The dollar fell against the euro after the Federal Reserve added to its monetary-stimulus program by announcing plans to buys more Treasuries, renewing concern the measures will debase the U.S. currency.
The U.S. currency weakened after the central bank tied its policies to economic benchmarks and said it will buy an additional $45 billion of Treasuries a month, adding to its third round of quantitative easing, and matching economists’ forecasts. The yen fell to the weakest in eight months versus the dollar as Japan’s Liberal Democratic Party, which has pledged fiscal stimulus to stoke economic growth, leads in polls before Dec. 16 elections.
“The market tends to have that kind of reaction when an action is perceived as more quantitative easing,” Sireen Harajli, a foreign-exchange strategist in New York at Credit Agricole SA, said in a telephone interview. “Even though we saw the dollar fall, any weakness in the dollar will generally be capped by safe-haven flows.”
The dollar declined 0.6 percent to $1.3076 per euro at 3:04 p.m. in New York, reaching the lowest since Dec. 5. The euro gained 1.3 percent to 108.72 yen. The Japanese currency lost 0.8 percent to 83.15 per dollar, reaching the lowest level since April 2.
“Dollar-yen is holding above 83, which is quite remarkable given that the Fed just eased policy,” Marc Chandler, New York- based global head of currency strategy at Brown Brothers Harriman & Co., said in a telephone interview. “If you would’ve told most people the Fed would announce aggressive QE, they would’ve expected the dollar to get sold off across the board.”
The central bank linked the outlook for its main interest rate to unemployment and inflation.
“The conditions now prevailing in the job market represent an enormous waste of human and economic potential,” Fed Chairman Ben S. Bernanke said in a press conference in Washington today after a meeting of the Federal Open Market Committee. The Fed plans to “maintain accommodation as long as needed to promote a stronger economic recovery in the context of price stability,” he said.
The Fed said interest rates will stay low “at least as long” as the unemployment rate remains above 6.5 percent and if inflation “between one and two years ahead” is projected to be no more than 2.5 percent. The committee “views these thresholds as consistent with its earlier date-based guidance.”
A Fed program known as Operation Twist, which was designed to hold down borrowing costs by lengthening the average maturity of the Fed’s holdings, will expire at year-end. The central bank kept its target rate for overnight loans between banks between zero and 0.25 percent since December 2008 to spur economic growth.
The greenback gained 0.1 percent against the euro on Oct. 24 after Fed policy makers announced they would maintain mortgage security purchases of $40 billion a month. Two previous rounds of quantitative easing totaling $2.3 trillion failed to breathe life into the labor market.
U.S. leaders are grappling with a budget-deficit showdown that may push the world’s largest economy into recession. The nation faces a fiscal cliff of $607 billion in automatic spending cuts and tax boosts starting Jan. 1 if lawmakers can’t reach agreement. That would cause the economy to contract 0.5 percent next year, according to the Congressional Budget Office.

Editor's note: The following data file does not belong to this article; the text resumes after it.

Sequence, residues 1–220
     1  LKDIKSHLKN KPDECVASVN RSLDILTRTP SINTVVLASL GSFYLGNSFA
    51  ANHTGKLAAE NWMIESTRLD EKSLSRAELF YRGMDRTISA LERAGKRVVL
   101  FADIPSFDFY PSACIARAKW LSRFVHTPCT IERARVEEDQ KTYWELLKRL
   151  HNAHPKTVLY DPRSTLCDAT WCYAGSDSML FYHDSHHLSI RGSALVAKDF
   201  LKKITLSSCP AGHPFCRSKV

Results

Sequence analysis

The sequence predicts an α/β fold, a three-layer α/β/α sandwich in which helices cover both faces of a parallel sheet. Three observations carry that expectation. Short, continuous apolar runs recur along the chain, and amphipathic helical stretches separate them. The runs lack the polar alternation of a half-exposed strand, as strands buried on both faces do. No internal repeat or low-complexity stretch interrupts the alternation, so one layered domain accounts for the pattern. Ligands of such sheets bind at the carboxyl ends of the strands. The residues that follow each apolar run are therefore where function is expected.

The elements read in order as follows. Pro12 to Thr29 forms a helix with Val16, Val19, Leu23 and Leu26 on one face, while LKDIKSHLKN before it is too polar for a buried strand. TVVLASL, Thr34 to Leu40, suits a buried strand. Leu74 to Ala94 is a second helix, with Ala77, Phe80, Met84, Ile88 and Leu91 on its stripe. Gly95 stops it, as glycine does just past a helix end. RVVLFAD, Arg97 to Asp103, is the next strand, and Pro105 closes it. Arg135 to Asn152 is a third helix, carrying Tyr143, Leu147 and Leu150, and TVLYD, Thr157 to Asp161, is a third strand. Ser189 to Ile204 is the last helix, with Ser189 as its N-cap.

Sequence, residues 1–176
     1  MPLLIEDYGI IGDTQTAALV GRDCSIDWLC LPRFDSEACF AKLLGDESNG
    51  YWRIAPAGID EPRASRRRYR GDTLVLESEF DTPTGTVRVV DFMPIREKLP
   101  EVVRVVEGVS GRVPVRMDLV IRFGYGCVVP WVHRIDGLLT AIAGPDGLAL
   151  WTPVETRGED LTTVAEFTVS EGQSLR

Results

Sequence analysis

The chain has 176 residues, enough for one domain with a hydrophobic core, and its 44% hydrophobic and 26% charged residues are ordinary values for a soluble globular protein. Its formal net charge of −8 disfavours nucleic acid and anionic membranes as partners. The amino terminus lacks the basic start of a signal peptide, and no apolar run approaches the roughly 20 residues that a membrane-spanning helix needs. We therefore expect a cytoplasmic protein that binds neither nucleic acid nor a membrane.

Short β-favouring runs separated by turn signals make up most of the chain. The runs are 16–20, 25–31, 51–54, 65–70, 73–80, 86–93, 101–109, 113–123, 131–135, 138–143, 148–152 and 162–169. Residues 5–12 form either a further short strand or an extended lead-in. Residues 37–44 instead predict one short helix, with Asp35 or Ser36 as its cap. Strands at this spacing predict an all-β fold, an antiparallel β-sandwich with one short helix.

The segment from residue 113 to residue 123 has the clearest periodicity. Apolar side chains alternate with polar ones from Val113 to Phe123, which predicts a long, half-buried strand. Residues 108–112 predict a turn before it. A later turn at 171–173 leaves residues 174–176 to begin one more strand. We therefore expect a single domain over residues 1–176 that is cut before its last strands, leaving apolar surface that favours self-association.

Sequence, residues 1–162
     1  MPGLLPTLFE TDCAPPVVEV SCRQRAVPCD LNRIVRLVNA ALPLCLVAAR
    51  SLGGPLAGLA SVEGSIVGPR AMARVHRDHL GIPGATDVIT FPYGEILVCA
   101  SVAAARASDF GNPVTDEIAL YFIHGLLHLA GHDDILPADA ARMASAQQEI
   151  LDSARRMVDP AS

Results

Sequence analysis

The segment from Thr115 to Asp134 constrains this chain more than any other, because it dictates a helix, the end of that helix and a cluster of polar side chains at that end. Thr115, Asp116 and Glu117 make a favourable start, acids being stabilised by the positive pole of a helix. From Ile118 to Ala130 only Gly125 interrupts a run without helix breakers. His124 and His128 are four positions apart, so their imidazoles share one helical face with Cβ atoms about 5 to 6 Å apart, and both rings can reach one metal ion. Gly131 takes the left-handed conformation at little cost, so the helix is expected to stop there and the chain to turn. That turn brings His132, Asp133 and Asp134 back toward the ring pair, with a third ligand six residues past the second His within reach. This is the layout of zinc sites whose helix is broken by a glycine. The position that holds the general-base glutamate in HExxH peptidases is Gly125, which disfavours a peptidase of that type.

In Japan, LDP leader and former premier Shinzo Abe has called for a doubling of the central bank’s inflation goal to 2 percent and “unlimited” easing to end more than a decade of falling prices. The Bank of Japan is due to a hold a monetary policy meeting on Dec. 19-20.
The euro strengthened earlier today as Greece plans to repurchase government bonds with a face value of 31.9 billion euros ($41.6 billion) from private investors including its own banks in a debt buyback to free up aid for the cash-strapped country.
Greece will pay an average weighted price of 33.8 percent of face value for bonds maturing from 2023 to 2042, the Athens- based Public Debt Management Agency said in a statement on its website today.
The 17-nation currency rose as former Italian Prime Minister Silvio Berlusconi offered to drop his plans to run for premier on the condition that Italian Premier Mario Monti agrees to enter the election campaign and lead a coalition of “moderates.”
The euro was already rising on Berlusconi’s comments before the FOMC news, said Chandler of Brown Brothers Harriman.
The euro may strengthen against its U.S. counterpart to $1.3490, its highest level since Dec. 2, 2011, if it closes the week above a so-called retracement level of $1.30, according to Richard Adcock, head of fixed-income technical strategy at UBS AG in London.
The Swiss franc’s rebound from a three-month low against the euro shows that even bank charges for deposits and a lull in Europe’s debt crisis can’t deter demand for the currency.
The Zurich-based Swiss National Bank will keep its franc ceiling at 1.20 per euro tomorrow, according to all 14 analysts in a Bloomberg News survey. While the currency weakened after Credit Suisse Group AG said on Dec. 3 it would set negative rates for franc cash balances, it pared almost all those losses in a three-day run of gains.
China’s yuan weakened versus all but one of 24 emerging markets currencies on speculation the People’s Bank of China is limiting gains in the currency to aid exporters.
The currency depreciated 0.1 percent to 6.2515 per dollar after earlier falling to 6.2568, its lowest level since Oct. 23. This marked the fifth straight day of decline for the yuan, its longest losing streak since May.